Is the honeymoon period over for Brazil's Bolsonaro?
The Community of Portuguese-Language Countries (CPLP) is prompting “widespread” and “growing interest” on the part of international organisations, its executive secretary after three days of meetings in Geneva, Switzerland, to raise its profile.
“What I could see with all these meetings is that there is growing interest in the CPLP [and it is] awakening a widespread interest from organisations,” said Francisco Ribeiro Telles, the career diplomat from Portugal who is currently in charge of the CPLP.
He noted that there are already 19 countries that have sought and secured associated observer status at the CPLP.
Telles was speaking to Lusa after the three days of meetings in Geneva that ended on Wednesday with a meeting with the director-general of the World Health Organization (WHO), Tedros Ghebreyesus.
“My concern in all these meetings was to give the CPLP greater visibility in international forums,” he said, citing one of the promises that he had made before taking up his post.
In addition to the WHO, Telles had meetings with the heads of the International Labour Organization (ILO), Guy Ryder, and of the World Intellectual Property Organization (WIPO), as well as with Brazil’s minister of state for women, the family and human rights, Damares Alves.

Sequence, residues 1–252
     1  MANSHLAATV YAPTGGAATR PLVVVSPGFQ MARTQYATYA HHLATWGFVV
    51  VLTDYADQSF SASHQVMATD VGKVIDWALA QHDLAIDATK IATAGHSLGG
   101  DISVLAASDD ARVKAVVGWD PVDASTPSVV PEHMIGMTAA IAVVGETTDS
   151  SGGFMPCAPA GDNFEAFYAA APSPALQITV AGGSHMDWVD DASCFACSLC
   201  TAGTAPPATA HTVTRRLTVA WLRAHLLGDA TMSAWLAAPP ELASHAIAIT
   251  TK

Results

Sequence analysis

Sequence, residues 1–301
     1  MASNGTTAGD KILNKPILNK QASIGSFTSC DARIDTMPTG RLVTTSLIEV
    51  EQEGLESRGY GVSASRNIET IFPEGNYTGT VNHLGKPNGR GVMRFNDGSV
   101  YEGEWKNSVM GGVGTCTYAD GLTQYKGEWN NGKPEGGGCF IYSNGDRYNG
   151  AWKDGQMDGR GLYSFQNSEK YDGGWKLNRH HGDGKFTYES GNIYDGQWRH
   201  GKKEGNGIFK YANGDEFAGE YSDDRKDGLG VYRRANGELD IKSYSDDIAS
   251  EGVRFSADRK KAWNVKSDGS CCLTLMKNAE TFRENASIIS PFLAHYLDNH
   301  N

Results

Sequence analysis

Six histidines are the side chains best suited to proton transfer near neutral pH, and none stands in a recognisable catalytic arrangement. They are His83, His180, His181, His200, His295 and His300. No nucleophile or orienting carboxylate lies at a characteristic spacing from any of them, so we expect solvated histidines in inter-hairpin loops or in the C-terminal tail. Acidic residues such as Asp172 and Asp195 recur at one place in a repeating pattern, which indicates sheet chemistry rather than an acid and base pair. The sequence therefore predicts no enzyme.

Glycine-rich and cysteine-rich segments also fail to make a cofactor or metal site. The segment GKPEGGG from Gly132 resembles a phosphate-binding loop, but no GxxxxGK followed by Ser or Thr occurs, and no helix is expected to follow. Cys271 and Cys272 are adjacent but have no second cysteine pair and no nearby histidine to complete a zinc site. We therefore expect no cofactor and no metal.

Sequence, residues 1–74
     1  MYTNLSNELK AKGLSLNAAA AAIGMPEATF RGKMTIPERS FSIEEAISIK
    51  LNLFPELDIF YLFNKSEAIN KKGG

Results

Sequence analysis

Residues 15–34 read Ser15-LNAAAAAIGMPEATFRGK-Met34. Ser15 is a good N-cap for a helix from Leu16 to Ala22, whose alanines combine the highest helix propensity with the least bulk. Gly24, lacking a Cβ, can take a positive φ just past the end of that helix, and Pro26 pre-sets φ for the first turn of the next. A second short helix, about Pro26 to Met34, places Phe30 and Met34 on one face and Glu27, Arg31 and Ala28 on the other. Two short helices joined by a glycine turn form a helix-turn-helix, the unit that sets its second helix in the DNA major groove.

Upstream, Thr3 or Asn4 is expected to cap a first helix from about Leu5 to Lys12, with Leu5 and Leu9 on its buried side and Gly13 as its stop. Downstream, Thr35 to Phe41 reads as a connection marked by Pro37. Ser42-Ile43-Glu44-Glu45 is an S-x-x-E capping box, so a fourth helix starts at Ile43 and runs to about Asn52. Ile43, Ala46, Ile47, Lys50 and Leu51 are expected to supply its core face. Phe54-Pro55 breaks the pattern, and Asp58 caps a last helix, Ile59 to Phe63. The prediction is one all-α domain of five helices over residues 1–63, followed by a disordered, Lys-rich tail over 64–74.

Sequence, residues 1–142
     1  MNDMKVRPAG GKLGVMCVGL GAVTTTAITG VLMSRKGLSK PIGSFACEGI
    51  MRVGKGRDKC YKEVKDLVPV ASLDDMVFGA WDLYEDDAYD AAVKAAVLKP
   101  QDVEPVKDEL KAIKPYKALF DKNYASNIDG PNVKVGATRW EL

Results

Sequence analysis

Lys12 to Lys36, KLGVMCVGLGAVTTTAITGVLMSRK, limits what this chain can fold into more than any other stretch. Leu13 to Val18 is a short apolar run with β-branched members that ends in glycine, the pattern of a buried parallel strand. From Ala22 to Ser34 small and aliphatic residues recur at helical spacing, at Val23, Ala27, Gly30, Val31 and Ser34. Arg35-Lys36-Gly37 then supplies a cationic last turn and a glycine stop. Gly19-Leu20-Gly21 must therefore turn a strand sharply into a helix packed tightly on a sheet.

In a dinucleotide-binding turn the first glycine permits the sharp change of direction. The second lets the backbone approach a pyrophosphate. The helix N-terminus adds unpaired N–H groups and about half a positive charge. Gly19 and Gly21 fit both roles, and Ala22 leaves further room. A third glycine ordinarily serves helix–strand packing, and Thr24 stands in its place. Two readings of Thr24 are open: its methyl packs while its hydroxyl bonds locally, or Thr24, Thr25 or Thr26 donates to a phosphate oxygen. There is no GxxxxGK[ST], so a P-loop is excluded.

He also had a meeting with the United Nation’s deputy commissioner for human rights, Kate Gilmore, and spoke at the 40th session of the UN Human Rights Council.
With Ghebreyesus, Telles discussed the possibility of WHO’s regional office for Europe, based in Copenhagen, developing a partnership with the CPLP to hold a conference in Lisbon of the ministers of health of the CPLP and associated observer countries. Telles also sought support in organising an informal meeting of CPLP ministers of health on the sidelines of the World Health Assembly, which is to take place in Geneva in May.
“We also discuss the possibility of an update of a memorandum of understanding that has existed between the CPLP and the WHO for many years,” Telles said.
With the ILO, the CPLP has been cooperating “positively” for 15 years, he noted, adding that it was “important” to ensure greater involvement on its part in CPLP meetings.
“We also talked about the possibility, since the CPLP celebrates the Youth Year in 2019, of having a meeting in Lisbon of experts from the CPLP, Ibero-American [countries] and the ILO to discuss young employability,” Telles said, adding that Ryder “thought it was an excellent idea, and we are to make it happen.”
At the meeting with the deputy commissioner, among other things, Telles asked for expert support “for institutional strengthening and training in the area of the defence and promotion of human rights” and also “the support of the high commissioner in developing training efforts of CPLP member states in establishing and reinforcing national human rights institutions.”
The CPLP was founded in 1996 and its current members are Angola, Brazil, Cape Verde, Equatorial Guinea, Guinea-Bissau, Mozambique, Portugal and Sao Tome and Principe.Source: Lusa
Challenges before Mozambican gas flows to Asia